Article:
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March 8, 2006 [LINK]
Our "Man in the Sand"
Even if some of our leading pundits are growing weary of protracted conflict, our troops are made of stronger stuff than most civilians, thankfully. I'm proud to say I know one of them who was recently deployed to Iraq: Sgt. Herb Harman, who volunteered for active duty in the Army soon after the 9/11 attacks. I met Herb and his wife Jan at the local Republican headquarters during the 2004 fall campaign, and enjoyed some interesting conversations. Herb is not just a great guy, he knows a great deal about this country's political system and heritage. We held a send-off dinner for him last October, which was covered by WHSV-TV3. I recently received a letter from Herb, and even though his unit is quartered in very Spartan conditions, he is very enthusiastic about his mission of helping to build a new democratic government in Iraq. For obvious security reasons, he can't go into detail, which reminds us why we often don't hear as much of the good news from Iraq as we would like. It's an incredibly difficult, sensitive, and vital task, but as far as Herb is concerned, he's just doing his job. We are so incredibly lucky to have guys like him serving our country, defending freedom and laying the groundwork for a more peaceful future in the Middle East.
Steve Kijak has some photos of signs that are being put up around the county in Herb's honor. Steve is also arranging for a "Goodwill" package campaign for all the lonely U.S. soldiers who are not so fortunate to have close friends and family back home. (Web site pending.)
Carrier fleet cutback?
The Navy recently announced the retirement of its F-14 "Tomcat" fleet, and now it is proposing to reduce its fleet of carriers from twelve to ten. It probably makes sense, given that there is only one part of the world where we might have to engage a enemy force with advanced weaponry -- and it's not in Europe. See strategypage.com; hat tip to Chris Green.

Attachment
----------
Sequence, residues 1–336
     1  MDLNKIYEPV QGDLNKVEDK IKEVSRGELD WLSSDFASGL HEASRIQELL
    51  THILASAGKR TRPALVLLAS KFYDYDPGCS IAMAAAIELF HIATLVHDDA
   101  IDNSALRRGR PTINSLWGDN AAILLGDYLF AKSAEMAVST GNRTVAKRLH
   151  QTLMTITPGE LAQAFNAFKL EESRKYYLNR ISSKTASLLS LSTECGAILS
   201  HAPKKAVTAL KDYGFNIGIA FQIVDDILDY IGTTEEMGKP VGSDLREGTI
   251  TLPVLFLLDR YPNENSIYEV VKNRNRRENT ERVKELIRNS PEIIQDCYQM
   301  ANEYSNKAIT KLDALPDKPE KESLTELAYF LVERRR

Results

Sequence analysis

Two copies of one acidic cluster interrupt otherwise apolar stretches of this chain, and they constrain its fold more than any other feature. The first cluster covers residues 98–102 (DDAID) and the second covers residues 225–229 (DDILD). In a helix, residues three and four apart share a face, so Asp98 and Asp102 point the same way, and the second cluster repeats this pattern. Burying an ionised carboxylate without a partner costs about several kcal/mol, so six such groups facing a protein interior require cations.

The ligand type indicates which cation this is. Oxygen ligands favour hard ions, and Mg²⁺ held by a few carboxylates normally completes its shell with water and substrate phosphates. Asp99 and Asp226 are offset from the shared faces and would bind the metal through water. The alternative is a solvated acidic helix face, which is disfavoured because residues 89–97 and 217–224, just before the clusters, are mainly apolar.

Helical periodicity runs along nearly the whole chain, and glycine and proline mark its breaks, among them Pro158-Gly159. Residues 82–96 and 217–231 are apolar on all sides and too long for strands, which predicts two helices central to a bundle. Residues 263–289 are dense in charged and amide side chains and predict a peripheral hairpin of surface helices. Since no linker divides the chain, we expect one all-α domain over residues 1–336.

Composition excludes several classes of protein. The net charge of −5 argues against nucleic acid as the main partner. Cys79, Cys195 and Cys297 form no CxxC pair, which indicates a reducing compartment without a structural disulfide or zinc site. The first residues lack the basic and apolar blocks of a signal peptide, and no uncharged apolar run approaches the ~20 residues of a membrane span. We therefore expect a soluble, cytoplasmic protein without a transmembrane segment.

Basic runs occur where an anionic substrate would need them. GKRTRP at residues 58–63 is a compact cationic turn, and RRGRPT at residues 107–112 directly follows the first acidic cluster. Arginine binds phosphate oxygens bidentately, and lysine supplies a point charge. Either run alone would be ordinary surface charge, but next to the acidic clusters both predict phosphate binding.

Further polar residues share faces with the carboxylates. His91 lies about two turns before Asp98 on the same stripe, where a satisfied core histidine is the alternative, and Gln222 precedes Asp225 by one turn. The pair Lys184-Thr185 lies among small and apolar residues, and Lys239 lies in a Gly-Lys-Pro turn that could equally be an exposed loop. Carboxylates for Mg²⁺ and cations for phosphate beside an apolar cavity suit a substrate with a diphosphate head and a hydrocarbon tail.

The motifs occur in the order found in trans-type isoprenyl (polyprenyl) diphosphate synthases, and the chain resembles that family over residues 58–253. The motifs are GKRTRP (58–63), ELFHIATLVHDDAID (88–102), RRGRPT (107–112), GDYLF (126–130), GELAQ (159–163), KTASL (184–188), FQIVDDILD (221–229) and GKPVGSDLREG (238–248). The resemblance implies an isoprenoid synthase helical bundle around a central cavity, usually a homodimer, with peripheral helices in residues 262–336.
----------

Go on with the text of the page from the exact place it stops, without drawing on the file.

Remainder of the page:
Posted (or last updated or commented upon): 08 Mar 2006, 10: 32 PM
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Culture & Travel
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This (or that) year's
January 7, 2006 ~ DeLay gives up majority leader post
January 12, 2006 ~ Alito withstands Dems' "torture"
January 16, 2006 ~ Michelle Bachelet wins in Chile
January 19, 2006 ~ Views on Iran's nuclear ambitions
January 24, 2006 ~ Fallout from Canada's election
January 31, 2006 ~ Second (& third) thoughts on Iran
February 1, 2006 ~ The State of the Union, 2006
February 8, 2006 ~ D.C. Council votes "yes," but...
February 18, 2006 ~ Checks and balances in wartime
February 22, 2006 ~
Neocons & Neolibs: chastened alike
February 28, 2006 ~
The Dubai Ports World uproar
March 14, 2006 ~ New D.C. baseball stadium unveiled
March 24, 2006 ~ In the footsteps of France?
April 7, 2006 ~ Immigration compromise fails
May 16, 2006 ~ Bush militarizes Mexican border
June 6, 2006 ~ Alan Garcia triumphs, once again
June 9, 2006 ~
Zarqawi: The death of a terrorist
July 3, 2006 ~
Election in Mexico: too close to call
July 5, 2006 ~ North Korea goes ballistic
July 28, 2006 ~ Garcia prepares to lead Peru, again
August 4, 2006 ~ Israel invades Hezbolland
September 6, 2006 ~ "Crunchy conservatives": for real?
September 25, 2006 ~ Nationalists thwart conservation
October 3, 2006 ~ Nationals: Year in review
October 29, 2006 ~ Virginia's marriage amendment
November 7, 2006 ~ The people render their verdict
November 8, 2006 ~ Republicans lose big time
November 9, 2006 ~ Allen concedes / Election post-mortem
November 13, 2006 ~ Toward consensus on Iraq?
December 1, 2006 ~ Realism and our goals in Iraq
December 6, 2006 ~ Latin America & U.S. trade policy
December 8, 2006 ~ Iraq Study Group reports
December 22, 2006 ~ Yuletide political roundup
Blog highlights have been compiled for the years 2010-2012 thus far, and eventually will be compiled for earlier years, back to 2002.
The "home made" blog organization system that I created was instituted on November 1, 2004, followed by several functional enhancements in subsequent years. I make no more than one blog post per day on any one category, so some posts may cover multiple news items or issues. Blog posts appear in the following (reverse alphabetical) order, which may differ from the chronological order in which the posts were originally made:
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